Sports Blog: Jalani Phelps signs with Eastern Washington

Posted by ANDREW LANG on February 5, 2014 

Lynden wide receiver Jalani Phelps with Lions coach Curt Kramme on national signing day Wednesday, Feb. 4, at Lynden High School. Phelps will play for Eastern Washington University next fall.

ANDREW LANG — THE BELLINGHAM HERALD Buy Photo

Lynden wide receiver Jalani Phelps, who terrorized Northwest Conference secondaries the past three seasons, is committed to play for Division I-AA FCS school Eastern Washington University next fall.

Joined by his mom, coach Curt Kramme, coach Blake Van Dalen and athletic director Mike McKee, Phelps held a mock signing on national signing day Wednesday morning, Feb. 5, at Lynden High School.

Phelps, a 6-foot-3, 185-pound wideout, moved into the Lions No. 1 receiver role this season and contributed to Lynden's last three state titles. He logged a team-high 55 receptions for 837 yards and nine TDs his senior season.

"Mostly it's a relief to know where I'm going," said Phelps, donning a red jacket and grey EWU beanie cap. "I'm very excited to be playing at Eastern. They have a great tradition of winning, similar to Lynden. I'm super excited to be an Eagle the next couple of years."

Eastern has reached the FCS playoffs four of the past five years, won a national championship in 2010 and advanced to the semifinals each of the past two seasons.

EWU head coach Beau Baldwin gave Phelps plenty of praise.

"What jumps out at you is how mature he is and the mentality he has," Baldwin told EWU Athletics. "He has a calmness to him but a drive deep down that you can see. We like the entire package that Jalani brings to our program at the wide receiver position."

Phelps said originally he planned to attend Central Washington University after the school offered him a scholarship. But he had a change or heart after visiting the Ellensburg campus.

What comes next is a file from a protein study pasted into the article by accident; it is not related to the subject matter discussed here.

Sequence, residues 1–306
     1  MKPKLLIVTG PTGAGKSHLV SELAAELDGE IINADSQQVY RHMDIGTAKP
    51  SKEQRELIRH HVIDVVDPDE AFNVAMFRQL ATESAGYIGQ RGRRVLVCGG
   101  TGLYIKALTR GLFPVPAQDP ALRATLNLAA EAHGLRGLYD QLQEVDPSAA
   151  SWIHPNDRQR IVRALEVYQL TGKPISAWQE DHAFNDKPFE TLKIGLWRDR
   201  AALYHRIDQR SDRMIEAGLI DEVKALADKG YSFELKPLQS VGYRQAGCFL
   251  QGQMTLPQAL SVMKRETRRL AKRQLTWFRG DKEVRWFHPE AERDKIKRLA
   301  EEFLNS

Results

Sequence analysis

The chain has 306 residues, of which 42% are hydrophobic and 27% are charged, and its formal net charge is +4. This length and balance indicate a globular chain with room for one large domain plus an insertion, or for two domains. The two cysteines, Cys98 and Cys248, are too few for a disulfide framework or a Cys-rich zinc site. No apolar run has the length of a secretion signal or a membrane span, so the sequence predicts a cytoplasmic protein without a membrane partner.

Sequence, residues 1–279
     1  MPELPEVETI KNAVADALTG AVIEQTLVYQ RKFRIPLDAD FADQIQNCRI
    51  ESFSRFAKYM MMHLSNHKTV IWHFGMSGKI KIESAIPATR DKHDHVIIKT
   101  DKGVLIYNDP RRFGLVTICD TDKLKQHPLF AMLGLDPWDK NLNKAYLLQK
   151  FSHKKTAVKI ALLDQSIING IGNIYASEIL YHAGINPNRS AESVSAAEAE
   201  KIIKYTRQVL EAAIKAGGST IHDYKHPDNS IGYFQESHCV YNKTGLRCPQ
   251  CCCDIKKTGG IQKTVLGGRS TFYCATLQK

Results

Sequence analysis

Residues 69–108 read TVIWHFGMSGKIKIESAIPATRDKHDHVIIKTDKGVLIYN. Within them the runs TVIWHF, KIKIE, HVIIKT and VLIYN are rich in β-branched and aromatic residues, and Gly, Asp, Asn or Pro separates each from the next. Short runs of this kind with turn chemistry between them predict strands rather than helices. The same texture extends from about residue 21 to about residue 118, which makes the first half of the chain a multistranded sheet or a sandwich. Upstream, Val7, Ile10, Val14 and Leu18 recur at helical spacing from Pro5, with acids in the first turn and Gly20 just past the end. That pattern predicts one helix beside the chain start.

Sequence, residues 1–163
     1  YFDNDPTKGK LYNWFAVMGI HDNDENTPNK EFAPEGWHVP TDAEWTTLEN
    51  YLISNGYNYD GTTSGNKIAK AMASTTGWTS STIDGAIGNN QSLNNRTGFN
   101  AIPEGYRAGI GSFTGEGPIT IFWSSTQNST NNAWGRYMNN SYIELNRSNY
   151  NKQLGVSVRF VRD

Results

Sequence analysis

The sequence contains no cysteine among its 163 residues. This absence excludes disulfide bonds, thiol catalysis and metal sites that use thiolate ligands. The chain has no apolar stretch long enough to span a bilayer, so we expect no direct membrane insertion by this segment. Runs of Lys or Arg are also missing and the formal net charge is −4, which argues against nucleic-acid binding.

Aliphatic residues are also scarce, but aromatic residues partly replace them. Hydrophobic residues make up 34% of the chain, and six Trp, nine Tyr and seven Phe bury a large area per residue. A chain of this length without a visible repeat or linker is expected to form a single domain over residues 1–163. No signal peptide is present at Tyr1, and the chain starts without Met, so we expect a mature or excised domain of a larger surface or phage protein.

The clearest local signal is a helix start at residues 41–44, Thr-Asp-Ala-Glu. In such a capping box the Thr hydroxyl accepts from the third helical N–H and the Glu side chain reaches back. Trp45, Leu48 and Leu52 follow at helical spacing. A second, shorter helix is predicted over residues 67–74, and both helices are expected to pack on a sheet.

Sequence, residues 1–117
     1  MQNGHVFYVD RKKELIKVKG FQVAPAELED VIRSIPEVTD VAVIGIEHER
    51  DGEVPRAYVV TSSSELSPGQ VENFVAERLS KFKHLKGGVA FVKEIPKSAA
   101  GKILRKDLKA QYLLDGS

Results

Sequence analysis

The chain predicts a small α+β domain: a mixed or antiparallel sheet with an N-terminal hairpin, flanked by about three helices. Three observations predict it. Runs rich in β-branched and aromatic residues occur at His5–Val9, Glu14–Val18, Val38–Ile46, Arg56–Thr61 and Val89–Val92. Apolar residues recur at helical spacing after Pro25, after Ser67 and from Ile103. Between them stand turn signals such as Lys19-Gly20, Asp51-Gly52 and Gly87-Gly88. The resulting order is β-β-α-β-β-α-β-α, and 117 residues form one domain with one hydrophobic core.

He held off on his decision until he made a visit to Cheney, and there Phelps decided where he wanted to spend the next four to five years of his life.

"I went to camp (at Eastern) the last three years," Phelps explained. "I knew the campus. There was a family feel. When I committed, all the coaches were giving me hugs, and the whole time there I felt like I was already a part of the program on my visit."

Phelps, who is interested in majoring in either business or criminal justice, was told that he won't be informed whether he'll redshirt or not until right before the start of the season, because the coaching staff wants incoming players to battle for starting positions.

Although Cheney is a small city, Phelps was intrigue by Spokane's location only being 15 minutes away, and said similar to Lynden, football players at EWU are recognized throughout the community.

"It's a great opportunity," Kramme said. "His hard work has paid off. He's made contributions to our program for three years now. I'm very happy and proud of him."

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